Ward's Book of Days.
Pages of interesting anniversaries.
What happened on this day in history.
On this day in history in 1926, the General Strike commenced.
The General Strike was, as the name suggests, a total stoppage of work in which the Trades Union Congress (TUC) called out on strike every trade union member in the country.
The strike began in 1925 with a dispute in the coal industry. The First World War had depleted the national coal resources, the richer seams of coal having been exhausted in a desperate effort to produce the armaments for victory. After the war, it was inevitable that, with the plentiful seams depleted, productivity per man would fall. In addition to this, the return to the gold standard in 1925 had fixed Sterling to the price of gold, which meant that the pound became too strong for competitive exporting.
Faced with low productivity and difficulty in marketing, the employers announced a pay cut and an increase in hours. This suggestion was solidly opposed by the miners’ union, who formulated the pithy slogan “Not a penny off the pay: Not a minute on the day.” and threatened strike action. The TUC promised to support the miners in any industrial action but the strike was forestalled by the intervention of the government with the promise of a wage subsidy and a Royal Commission to investigate the matter.
The subsequent Commission under Sir Herbert Samuel recommended that the subsidy should be withdrawn and the miners’ pay cut in order to restore the industry’s viability. The owners immediately announced an extension of the working day and pay cuts of between 10% and 25%, depending on the circumstances. At this, the TUC declared that a General Strike would begin on 3rd May 1926. Negotiations between the government, the TUC and the employers failed to come to a compromise and the strike became effective as promised.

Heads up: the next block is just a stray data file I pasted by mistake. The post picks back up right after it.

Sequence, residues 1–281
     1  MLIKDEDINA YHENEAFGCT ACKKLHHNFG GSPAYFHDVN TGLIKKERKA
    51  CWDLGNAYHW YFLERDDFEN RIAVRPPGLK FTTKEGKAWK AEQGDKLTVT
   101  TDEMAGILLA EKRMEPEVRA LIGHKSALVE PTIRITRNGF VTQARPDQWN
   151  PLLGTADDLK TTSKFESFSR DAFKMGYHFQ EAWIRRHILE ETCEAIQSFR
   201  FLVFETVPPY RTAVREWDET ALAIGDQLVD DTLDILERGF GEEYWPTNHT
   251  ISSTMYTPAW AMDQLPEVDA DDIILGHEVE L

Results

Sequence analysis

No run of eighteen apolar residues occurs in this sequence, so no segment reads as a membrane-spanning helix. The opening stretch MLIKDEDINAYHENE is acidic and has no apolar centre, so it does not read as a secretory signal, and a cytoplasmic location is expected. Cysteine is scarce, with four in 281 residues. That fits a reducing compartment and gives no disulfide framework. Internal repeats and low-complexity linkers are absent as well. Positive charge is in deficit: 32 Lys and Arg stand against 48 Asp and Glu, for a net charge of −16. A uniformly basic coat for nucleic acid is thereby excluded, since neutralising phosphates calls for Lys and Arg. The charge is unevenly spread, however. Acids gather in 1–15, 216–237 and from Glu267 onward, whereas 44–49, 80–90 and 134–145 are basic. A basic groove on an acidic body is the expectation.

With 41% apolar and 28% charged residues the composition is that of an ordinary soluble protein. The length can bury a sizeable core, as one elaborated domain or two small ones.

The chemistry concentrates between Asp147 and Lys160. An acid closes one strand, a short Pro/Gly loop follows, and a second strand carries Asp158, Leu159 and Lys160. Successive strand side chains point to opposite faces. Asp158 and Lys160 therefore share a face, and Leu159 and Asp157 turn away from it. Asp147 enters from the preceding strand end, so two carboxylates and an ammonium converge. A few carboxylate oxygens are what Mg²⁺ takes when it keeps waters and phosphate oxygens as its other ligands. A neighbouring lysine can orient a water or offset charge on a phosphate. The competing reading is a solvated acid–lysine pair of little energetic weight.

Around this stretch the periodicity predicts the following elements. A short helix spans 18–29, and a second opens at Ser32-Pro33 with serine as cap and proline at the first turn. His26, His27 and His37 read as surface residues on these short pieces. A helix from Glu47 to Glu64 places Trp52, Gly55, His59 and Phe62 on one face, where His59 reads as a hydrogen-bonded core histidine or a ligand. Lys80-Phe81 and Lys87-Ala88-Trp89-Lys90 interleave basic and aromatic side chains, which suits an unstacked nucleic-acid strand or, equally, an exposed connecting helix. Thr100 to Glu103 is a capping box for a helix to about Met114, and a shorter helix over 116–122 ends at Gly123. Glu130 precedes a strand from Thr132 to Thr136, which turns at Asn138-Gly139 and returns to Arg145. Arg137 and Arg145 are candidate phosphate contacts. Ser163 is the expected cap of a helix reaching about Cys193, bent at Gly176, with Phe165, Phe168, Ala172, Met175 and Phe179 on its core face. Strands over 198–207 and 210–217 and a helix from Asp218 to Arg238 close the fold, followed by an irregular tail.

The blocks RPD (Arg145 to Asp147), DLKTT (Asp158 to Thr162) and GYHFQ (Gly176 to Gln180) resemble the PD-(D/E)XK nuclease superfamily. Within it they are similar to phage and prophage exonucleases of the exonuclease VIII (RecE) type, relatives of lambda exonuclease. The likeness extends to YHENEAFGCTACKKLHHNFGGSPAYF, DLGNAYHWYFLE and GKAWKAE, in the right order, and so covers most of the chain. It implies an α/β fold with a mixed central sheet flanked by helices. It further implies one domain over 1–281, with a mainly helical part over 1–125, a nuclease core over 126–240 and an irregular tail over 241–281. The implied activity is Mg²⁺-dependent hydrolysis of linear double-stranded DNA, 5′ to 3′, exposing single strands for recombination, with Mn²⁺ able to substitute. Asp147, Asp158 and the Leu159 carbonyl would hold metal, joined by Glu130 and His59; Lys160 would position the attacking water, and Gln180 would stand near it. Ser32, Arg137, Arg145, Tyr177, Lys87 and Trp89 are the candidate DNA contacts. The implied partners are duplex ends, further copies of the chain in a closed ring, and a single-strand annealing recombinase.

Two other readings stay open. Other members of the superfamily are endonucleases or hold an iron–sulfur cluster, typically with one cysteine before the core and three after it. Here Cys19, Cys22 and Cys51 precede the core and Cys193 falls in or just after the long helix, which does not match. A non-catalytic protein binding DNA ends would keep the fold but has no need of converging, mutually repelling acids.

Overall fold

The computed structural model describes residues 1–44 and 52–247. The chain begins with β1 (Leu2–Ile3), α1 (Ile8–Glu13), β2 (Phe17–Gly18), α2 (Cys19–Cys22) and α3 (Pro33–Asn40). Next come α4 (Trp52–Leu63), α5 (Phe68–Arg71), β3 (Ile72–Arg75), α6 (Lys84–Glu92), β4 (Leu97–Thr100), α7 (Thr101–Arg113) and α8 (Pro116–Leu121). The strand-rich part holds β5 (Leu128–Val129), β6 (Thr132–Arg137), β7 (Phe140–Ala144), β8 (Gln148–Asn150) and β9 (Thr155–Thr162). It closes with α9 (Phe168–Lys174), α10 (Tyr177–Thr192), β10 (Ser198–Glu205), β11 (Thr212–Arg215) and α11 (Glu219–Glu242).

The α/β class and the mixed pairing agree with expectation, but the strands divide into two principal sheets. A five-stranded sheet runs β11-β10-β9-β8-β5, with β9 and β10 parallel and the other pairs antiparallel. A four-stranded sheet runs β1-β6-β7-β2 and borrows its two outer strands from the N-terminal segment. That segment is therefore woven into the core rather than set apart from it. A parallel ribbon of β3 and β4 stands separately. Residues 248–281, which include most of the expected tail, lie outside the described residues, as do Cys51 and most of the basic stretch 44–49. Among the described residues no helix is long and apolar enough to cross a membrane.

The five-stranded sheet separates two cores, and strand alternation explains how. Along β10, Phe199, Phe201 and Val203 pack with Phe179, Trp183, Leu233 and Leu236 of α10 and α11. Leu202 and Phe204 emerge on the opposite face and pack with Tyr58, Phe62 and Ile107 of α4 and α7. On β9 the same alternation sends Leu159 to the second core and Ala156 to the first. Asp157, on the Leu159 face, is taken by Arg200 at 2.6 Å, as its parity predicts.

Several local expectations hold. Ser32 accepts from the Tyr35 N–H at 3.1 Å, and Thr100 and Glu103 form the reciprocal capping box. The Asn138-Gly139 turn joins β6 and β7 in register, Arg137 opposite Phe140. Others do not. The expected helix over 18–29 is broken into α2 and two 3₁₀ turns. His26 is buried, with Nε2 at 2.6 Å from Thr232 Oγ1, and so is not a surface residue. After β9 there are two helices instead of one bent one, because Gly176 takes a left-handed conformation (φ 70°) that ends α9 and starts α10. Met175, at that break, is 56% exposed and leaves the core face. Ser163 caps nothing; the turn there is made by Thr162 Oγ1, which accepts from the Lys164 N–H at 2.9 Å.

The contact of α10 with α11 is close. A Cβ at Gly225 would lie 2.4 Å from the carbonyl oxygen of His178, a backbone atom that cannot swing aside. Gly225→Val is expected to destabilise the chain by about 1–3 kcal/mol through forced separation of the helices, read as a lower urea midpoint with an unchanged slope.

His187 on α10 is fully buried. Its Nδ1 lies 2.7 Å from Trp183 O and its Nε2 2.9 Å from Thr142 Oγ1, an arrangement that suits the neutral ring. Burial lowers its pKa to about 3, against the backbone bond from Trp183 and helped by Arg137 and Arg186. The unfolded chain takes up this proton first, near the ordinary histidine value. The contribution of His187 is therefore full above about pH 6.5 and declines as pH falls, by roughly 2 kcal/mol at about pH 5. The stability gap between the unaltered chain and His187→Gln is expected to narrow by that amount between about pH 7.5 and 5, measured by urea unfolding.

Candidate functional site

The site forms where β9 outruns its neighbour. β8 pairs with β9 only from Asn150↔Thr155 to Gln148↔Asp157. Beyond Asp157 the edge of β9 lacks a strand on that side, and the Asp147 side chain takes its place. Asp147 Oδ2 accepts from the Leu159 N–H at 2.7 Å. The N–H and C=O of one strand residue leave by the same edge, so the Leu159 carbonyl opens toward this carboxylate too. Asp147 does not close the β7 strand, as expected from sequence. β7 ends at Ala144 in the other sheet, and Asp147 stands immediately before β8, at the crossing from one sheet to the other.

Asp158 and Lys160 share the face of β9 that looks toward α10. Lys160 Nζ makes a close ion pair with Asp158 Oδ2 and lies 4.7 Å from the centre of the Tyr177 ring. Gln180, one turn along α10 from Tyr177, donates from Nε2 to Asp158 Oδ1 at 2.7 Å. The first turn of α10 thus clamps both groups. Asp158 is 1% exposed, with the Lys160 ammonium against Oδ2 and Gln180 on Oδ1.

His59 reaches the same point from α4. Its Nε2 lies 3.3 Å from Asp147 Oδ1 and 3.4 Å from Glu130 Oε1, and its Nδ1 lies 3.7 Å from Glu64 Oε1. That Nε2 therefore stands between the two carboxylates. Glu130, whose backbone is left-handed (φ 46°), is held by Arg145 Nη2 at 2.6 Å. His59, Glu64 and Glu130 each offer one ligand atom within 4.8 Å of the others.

The government had used the time that the Royal Commission had been deliberating to make contingency plans for the strike. The armed forces were called in to perform vital tasks such as the delivery of food and essential supplies. Volunteers took over other jobs and non-union labour carried on working. In all about three million workers took part in the strike. The strike was characterised by good-humoured badinage between the strikers and the volunteers. The volunteers’ efforts often ended in calamity. Volunteer drivers failed to control vehicles to the amusement of the strikers. Student volunteers were notorious for crashing lorries and delivering goods to the wrong places. There were isolated incidents of violent clashes between the strikers and volunteers but there were no serious confrontations.
After nine days, the government persuaded the mine owners to offer a compromise. The TUC considered the new terms reasonable and called off the strike. The miners however, would not accept the new conditions and remained on strike for another five months before finally conceding defeat.
In 1927, Parliament passed the Trade Disputes and Trades Union Act, which banned the calling of a further General Strike. It also banned Civil Service unions from affiliating to the TUC and made mass picketing illegal. Between 1926 and 1939, the mining industry went into decline, shedding over a million mining jobs, and only recovered when the Second World War started.
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